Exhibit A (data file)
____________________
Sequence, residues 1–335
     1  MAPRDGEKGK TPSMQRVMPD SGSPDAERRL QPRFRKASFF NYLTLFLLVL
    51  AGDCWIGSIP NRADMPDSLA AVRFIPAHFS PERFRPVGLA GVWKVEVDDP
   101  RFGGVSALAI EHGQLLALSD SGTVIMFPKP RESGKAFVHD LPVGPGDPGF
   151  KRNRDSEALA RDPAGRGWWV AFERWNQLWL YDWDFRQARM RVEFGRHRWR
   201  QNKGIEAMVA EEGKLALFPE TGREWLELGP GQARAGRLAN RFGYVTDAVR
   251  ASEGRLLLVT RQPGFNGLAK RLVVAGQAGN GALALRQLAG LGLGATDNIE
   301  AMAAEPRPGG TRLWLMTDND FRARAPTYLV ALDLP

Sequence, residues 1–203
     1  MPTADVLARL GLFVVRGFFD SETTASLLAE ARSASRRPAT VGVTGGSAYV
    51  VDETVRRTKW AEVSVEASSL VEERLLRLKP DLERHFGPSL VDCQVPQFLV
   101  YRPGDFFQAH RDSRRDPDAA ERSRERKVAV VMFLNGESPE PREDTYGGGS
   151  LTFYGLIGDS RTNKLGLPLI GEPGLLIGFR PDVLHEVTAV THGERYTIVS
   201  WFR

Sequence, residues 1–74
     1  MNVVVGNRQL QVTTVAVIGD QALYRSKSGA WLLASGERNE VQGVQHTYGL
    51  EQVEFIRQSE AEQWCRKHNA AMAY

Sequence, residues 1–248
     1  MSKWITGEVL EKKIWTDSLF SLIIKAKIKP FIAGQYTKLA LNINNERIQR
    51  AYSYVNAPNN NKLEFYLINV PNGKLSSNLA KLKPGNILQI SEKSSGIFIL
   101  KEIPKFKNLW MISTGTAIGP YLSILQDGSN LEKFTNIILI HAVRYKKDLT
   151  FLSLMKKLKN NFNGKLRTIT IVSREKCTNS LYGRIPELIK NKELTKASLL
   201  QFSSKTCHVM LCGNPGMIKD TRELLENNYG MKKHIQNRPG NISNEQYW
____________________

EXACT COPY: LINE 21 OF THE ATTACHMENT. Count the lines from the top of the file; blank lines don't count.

   101  KEIPKFKNLW MISTGTAIGP YLSILQDGSN LEKFTNIILI HAVRYKKDLT